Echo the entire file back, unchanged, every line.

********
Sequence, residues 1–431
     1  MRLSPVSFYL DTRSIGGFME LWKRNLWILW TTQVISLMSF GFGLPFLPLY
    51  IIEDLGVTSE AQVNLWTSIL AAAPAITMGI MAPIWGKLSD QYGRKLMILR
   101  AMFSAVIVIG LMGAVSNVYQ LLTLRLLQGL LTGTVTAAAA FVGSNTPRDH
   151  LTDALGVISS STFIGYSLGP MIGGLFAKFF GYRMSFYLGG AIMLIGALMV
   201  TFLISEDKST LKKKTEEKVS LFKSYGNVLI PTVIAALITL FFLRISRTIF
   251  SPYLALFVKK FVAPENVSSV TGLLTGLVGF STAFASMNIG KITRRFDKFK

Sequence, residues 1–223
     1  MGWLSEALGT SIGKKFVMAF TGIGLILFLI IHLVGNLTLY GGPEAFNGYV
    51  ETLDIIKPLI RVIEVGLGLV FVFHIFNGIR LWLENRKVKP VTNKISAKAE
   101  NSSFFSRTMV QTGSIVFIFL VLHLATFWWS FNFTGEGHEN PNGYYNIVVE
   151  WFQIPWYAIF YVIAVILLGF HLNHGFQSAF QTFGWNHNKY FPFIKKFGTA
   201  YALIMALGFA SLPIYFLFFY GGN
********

Sequence, residues 1–431
     1  MRLSPVSFYL DTRSIGGFME LWKRNLWILW TTQVISLMSF GFGLPFLPLY
    51  IIEDLGVTSE AQVNLWTSIL AAAPAITMGI MAPIWGKLSD QYGRKLMILR
   101  AMFSAVIVIG LMGAVSNVYQ LLTLRLLQGL LTGTVTAAAA FVGSNTPRDH
   151  LTDALGVISS STFIGYSLGP MIGGLFAKFF GYRMSFYLGG AIMLIGALMV
   201  TFLISEDKST LKKKTEEKVS LFKSYGNVLI PTVIAALITL FFLRISRTIF
   251  SPYLALFVKK FVAPENVSSV TGLLTGLVGF STAFASMNIG KITRRFDKFK

Sequence, residues 1–223
     1  MGWLSEALGT SIGKKFVMAF TGIGLILFLI IHLVGNLTLY GGPEAFNGYV
    51  ETLDIIKPLI RVIEVGLGLV FVFHIFNGIR LWLENRKVKP VTNKISAKAE
   101  NSSFFSRTMV QTGSIVFIFL VLHLATFWWS FNFTGEGHEN PNGYYNIVVE
   151  WFQIPWYAIF YVIAVILLGF HLNHGFQSAF QTFGWNHNKY FPFIKKFGTA
   201  YALIMALGFA SLPIYFLFFY GGN